In addition, the control logic 61 determines, based on the current beacon, whether to transition to sleep state in block 111. In this regard, the logic 61 determines to transition to a sleep state if the node's identifier is included in the beacon. In the instant example, the node's identifier is included in the current beacon, and the control logic 61, therefore, makes a “yes” determination in block 111.

Thus, the control logic 61 sets a timer 77 (FIG. 3) to expire in block 116. The time period for expiration is based on the beacon number associated with the node's identifier in the current beacon. In the instant example, the beacon number is two indicating that the next two beacons are to be skipped. Since the third beacon is to be received in fifteen minutes, the control logic 61 sets the timer 77 to expire just under fifteen minutes so that the target node 25 will be awake to receive the third beacon.

After setting the timer 77, the control logic 61 transitions to a sleep state, as shown by block 121. In one exemplary embodiment, all of the components of the node 25 transition to a sleep state except for the timer 77. In other embodiments, the logic 61 transitions select components, such as the wireless communication module 75, to a sleep state while other components remain active.

In one embodiment, the timer 77 is a circuit configured to run while the other components of the node 25 are sleeping. In this regard, the timer 125, in block 125, monitors the amount of time since the occurrence of block 116. Once the timer 77 expires, the timer 77 awakens the sleeping components in block 133.

Accordingly, based on the expected network communication, the coordinator node 22 causes at least some sensor nodes 25 to transition to a sleep state for certain time periods thereby conserving the electrical power consumed by the sensor nodes 25.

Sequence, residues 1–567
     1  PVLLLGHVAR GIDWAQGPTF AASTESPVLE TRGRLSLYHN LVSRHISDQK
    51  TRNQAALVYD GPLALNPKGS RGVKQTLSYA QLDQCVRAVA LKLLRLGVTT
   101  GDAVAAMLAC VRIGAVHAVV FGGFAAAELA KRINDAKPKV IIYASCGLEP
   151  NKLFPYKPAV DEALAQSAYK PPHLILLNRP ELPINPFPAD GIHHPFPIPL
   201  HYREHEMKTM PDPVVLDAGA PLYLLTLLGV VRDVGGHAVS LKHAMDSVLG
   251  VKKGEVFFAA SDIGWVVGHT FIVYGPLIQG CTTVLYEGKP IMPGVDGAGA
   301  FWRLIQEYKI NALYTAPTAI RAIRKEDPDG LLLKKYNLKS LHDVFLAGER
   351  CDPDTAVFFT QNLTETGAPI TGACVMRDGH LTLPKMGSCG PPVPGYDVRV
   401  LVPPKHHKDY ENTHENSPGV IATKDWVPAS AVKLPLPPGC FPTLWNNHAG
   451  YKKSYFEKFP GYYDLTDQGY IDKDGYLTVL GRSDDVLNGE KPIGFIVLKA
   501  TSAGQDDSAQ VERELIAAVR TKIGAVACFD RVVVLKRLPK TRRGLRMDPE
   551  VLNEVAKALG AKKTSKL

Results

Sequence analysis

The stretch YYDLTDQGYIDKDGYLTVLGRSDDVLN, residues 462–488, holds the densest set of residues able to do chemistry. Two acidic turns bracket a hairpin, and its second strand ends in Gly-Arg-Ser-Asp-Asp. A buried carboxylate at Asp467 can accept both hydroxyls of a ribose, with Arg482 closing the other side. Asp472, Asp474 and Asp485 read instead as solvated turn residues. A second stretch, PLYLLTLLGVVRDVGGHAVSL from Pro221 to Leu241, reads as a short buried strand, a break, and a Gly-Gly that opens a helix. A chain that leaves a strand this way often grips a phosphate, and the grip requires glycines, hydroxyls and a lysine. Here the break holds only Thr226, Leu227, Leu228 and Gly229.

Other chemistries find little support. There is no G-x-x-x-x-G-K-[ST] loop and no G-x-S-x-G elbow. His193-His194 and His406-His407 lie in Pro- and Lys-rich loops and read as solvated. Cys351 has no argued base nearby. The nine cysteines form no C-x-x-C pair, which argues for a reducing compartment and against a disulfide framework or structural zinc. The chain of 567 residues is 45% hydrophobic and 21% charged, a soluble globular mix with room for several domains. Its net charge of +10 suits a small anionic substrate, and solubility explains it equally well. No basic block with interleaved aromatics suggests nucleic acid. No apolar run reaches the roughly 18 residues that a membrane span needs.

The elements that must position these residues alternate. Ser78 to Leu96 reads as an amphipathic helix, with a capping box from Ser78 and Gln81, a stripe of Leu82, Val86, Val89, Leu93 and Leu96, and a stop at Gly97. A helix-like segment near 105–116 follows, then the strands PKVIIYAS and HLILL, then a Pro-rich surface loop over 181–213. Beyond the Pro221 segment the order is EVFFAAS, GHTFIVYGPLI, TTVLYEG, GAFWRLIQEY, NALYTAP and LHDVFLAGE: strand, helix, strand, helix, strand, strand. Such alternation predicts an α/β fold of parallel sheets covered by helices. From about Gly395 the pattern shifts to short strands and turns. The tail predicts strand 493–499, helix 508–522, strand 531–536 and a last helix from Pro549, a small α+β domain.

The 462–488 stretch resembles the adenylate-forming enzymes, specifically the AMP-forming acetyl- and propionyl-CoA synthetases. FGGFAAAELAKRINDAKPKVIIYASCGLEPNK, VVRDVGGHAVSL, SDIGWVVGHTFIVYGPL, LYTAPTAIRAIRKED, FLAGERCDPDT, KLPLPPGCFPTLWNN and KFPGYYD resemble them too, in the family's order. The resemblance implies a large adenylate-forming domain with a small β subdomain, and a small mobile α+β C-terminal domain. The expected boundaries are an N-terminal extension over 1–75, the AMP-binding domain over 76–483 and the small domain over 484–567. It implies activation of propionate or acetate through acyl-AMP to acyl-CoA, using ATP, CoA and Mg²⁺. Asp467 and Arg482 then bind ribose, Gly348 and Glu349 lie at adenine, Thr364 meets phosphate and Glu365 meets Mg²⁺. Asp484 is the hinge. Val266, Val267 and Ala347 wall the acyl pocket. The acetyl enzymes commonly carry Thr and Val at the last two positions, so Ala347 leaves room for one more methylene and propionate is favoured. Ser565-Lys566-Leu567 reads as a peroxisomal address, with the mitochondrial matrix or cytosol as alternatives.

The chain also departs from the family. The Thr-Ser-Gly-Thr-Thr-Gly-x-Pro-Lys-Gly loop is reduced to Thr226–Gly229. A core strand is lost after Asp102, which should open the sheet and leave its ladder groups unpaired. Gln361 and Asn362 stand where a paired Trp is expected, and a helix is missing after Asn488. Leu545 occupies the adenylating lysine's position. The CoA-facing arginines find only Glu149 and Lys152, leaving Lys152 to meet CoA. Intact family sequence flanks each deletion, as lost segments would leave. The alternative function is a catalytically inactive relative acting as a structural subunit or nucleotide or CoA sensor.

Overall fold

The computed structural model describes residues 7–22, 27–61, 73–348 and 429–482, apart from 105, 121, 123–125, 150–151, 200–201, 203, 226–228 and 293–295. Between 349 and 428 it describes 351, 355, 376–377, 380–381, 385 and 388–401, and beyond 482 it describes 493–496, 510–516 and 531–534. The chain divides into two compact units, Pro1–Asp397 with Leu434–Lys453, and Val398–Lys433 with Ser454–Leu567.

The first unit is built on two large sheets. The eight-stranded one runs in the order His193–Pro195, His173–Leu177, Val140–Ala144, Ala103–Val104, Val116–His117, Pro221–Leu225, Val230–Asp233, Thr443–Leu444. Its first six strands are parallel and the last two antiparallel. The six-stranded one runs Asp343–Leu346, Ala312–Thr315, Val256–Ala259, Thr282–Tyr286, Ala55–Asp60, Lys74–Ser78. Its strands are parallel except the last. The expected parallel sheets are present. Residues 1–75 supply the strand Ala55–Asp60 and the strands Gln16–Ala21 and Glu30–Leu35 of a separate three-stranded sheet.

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Classifications
U.S. Classification370/311
International ClassificationG08C17/00
Cooperative ClassificationH04L67/12, G01D21/00
European ClassificationG01D21/00
Legal Events
DateCodeEventDescription
Jul 18, 2012ASAssignment
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Owner name: SYNAPSE WIRELESS, INC., ALABAMA
Effective date: 20120718
Nov 9, 2009ASAssignment
Owner name: SQUARE 1 BANK, NORTH CAROLINA
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Effective date: 20091106
Owner name: SQUARE 1 BANK,NORTH CAROLINA
Free format text: SECURITY AGREEMENT;ASSIGNOR:SYNAPSE WIRELESS, INC.;US-ASSIGNMENT DATABASE UPDATED:20100325;REEL/FRAME:23493/178
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Aug 18, 2008ASAssignment
Owner name: SYNAPSE WIRELESS, INC., ALABAMA
Free format text: ASSIGNMENT OF ASSIGNORS INTEREST;ASSIGNORS:PATTERSON, WADE C.;MARTINDALE, RICK A.;REEL/FRAME:021403/0793;SIGNING DATES FROM 20080805 TO 20080806
Free format text: ASSIGNMENT OF ASSIGNORS INTEREST;ASSIGNORS:PATTERSON, WADE C.;MARTINDALE, RICK A.;SIGNING DATES FROM 20080805 TO 20080806;REEL/FRAME:021403/0793